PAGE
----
Another technique exists, but it is time consuming: Contact the bearing manufacturer and get a table of the bearing frequencies. Then you can overlay the frequencies to see whether they line up with the non-synchronous peaks that you find in the data. If they line up, then you have found the bearing fault. If they don’t line up, you probably have a different bearing than expected.

If that is the case, determine whether someone replaced the bearing with one from another vendor without updating the maintenance records.

An analyst screens a pump with a Fluke 810 Vibration Tester.

Vibration pens, meters, and testers

The most basic tool for checking vibration is the vibration pen. With a vibration pen, you can measure specific variables such as bearing condition and temperature.

When you move up to a vibration meter, you have the capability to measure overall vibration in addition to specific variables. The Fluke 805 Vibration Meter has a combination vibration and force sensor tip that compensates for user variance (force or angle) - yielding accurate, repeatable readings. This meter has a four-level severity scale and onboard processor that calculate bearing condition and overall vibration using easy-to-understand textual alerts (Good, Satisfactory, Unsatisfactory, Unacceptable). Its sensors can read a wide range of frequencies (10 to 1,000 Hz and 4,000 to 20,000 Hz), covering most machine and component types. The 805’s straightforward user interface minimizes user inputs to RPM range and equipment type. This gives frontline maintenance personnel and operators a screening tool to determine which equipment is healthy and which needs further troubleshooting.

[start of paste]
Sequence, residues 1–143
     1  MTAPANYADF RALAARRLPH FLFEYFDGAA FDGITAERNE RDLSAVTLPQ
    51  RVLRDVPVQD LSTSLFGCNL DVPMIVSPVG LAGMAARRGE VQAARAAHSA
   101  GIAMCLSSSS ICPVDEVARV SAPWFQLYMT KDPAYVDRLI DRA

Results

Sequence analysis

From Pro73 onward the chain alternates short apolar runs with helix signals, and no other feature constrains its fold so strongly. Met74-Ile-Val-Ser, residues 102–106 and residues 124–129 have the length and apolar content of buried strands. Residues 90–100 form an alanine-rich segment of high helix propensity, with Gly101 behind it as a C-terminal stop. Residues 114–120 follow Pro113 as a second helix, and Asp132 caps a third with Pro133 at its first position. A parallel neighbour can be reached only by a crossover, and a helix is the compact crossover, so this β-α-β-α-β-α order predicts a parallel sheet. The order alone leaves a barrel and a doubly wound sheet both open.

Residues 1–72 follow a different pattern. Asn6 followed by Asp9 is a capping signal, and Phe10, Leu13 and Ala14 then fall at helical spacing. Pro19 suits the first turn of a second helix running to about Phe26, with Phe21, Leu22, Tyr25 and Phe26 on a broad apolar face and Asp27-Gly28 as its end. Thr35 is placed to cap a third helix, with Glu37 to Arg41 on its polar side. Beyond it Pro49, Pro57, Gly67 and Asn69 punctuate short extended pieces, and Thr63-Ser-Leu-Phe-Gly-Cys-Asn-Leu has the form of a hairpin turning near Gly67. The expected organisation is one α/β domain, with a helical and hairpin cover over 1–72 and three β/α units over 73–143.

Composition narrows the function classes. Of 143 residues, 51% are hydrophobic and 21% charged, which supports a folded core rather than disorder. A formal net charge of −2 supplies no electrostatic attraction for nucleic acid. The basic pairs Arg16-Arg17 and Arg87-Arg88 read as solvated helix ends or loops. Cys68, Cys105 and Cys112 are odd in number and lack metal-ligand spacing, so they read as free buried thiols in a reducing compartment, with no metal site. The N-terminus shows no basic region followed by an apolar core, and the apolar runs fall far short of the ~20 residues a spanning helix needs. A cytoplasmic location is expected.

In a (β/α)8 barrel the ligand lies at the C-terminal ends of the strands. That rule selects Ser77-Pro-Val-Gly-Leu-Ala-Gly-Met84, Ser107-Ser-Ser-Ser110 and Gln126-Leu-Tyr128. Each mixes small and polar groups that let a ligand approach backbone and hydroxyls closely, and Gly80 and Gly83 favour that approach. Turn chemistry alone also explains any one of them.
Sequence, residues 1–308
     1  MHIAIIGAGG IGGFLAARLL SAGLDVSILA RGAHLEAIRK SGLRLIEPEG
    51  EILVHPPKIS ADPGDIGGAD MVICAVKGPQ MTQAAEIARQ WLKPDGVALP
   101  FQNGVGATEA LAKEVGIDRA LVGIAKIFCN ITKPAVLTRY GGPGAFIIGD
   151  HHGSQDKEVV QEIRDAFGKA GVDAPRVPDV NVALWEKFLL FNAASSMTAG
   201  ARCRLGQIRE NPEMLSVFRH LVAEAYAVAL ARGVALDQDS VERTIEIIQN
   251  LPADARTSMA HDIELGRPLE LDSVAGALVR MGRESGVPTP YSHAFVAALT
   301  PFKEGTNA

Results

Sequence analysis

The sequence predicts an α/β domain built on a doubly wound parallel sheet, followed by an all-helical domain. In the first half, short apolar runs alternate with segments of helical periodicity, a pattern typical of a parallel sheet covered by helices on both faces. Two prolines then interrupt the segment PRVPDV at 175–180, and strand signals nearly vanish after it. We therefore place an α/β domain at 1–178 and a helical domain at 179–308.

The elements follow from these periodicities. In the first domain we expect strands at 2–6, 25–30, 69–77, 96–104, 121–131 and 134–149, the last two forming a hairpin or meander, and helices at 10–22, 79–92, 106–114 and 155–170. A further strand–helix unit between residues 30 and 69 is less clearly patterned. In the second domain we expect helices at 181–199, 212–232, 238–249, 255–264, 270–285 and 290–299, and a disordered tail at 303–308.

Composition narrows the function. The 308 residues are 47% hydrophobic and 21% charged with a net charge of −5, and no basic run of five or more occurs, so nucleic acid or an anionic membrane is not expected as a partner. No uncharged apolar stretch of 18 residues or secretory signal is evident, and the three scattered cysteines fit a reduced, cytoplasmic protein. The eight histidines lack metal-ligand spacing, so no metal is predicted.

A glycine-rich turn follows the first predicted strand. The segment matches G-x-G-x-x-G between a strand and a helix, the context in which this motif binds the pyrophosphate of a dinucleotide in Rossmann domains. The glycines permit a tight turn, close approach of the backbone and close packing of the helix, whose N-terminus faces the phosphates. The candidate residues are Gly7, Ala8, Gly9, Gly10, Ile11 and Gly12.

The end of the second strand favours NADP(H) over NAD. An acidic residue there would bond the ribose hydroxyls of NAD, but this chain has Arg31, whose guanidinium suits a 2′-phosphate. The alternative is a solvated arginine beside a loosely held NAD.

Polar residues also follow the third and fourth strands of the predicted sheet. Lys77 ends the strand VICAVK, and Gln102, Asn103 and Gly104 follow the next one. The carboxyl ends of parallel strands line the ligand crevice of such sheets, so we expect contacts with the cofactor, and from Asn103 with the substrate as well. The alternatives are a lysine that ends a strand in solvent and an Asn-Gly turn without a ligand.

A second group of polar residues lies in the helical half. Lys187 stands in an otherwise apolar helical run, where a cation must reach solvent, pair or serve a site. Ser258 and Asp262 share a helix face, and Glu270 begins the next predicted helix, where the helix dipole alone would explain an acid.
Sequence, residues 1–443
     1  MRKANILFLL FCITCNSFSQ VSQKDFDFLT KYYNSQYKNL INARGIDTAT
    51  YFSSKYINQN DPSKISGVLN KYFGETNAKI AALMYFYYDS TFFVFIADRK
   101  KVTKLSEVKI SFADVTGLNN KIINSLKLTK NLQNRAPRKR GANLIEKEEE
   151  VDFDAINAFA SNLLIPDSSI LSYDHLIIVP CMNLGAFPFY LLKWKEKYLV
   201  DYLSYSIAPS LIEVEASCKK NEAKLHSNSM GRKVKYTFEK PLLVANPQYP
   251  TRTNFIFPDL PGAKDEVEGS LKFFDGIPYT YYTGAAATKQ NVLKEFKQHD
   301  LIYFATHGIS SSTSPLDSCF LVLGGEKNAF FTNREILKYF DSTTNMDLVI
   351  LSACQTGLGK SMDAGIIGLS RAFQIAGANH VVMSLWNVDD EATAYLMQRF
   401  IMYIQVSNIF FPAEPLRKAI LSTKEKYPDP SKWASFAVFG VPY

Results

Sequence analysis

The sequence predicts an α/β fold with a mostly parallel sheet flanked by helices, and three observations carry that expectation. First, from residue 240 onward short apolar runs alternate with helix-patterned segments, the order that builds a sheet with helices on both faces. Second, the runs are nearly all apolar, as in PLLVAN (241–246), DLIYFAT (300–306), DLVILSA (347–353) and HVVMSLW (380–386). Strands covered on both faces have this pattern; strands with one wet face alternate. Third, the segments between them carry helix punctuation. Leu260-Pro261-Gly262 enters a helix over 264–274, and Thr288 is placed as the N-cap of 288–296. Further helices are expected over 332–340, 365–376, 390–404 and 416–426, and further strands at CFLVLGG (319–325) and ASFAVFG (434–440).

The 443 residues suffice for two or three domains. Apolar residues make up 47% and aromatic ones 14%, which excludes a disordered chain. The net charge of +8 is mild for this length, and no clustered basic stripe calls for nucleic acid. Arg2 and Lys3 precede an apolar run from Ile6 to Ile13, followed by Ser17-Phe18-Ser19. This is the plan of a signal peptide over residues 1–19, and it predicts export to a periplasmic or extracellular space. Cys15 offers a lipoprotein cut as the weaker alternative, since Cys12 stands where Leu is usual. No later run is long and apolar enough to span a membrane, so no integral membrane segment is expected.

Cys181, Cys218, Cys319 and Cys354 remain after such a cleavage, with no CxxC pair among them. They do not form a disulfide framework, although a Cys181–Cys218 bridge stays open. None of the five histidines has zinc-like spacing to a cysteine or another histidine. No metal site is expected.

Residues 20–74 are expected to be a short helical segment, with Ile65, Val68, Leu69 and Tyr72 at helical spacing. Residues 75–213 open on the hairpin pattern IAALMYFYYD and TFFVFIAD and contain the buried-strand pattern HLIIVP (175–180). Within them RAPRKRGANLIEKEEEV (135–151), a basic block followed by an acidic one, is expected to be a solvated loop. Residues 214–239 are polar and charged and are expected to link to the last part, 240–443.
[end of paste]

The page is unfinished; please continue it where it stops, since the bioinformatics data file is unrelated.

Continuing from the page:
As described previously, an advanced vibration testing tool, the Fluke 810 Vibration Tester, has a diagnostic engine that combines algorithms with a database of real-world measurement experience.

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Understanding the benefits of vibration monitoring and analysis (.pdf) »